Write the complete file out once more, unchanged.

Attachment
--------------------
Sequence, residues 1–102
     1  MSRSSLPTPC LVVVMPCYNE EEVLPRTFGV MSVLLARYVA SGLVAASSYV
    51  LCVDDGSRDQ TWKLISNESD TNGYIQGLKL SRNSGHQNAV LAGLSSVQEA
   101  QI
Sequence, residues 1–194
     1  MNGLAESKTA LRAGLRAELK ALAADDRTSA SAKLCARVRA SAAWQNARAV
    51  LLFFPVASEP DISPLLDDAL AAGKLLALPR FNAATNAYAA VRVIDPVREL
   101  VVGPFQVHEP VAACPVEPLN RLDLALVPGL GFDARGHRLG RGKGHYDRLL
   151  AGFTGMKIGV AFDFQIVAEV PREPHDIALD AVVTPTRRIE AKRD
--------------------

Sequence, residues 1–102
     1  MSRSSLPTPC LVVVMPCYNE EEVLPRTFGV MSVLLARYVA SGLVAASSYV
    51  LCVDDGSRDQ TWKLISNESD TNGYIQGLKL SRNSGHQNAV LAGLSSVQEA
   101  QI
Sequence, residues 1–194
     1  MNGLAESKTA LRAGLRAELK ALAADDRTSA SAKLCARVRA SAAWQNARAV
    51  LLFFPVASEP DISPLLDDAL AAGKLLALPR FNAATNAYAA VRVIDPVREL
   101  VVGPFQVHEP VAACPVEPLN RLDLALVPGL GFDARGHRLG RGKGHYDRLL
   151  AGFTGMKIGV AFDFQIVAEV PREPHDIALD AVVTPTRRIE AKRD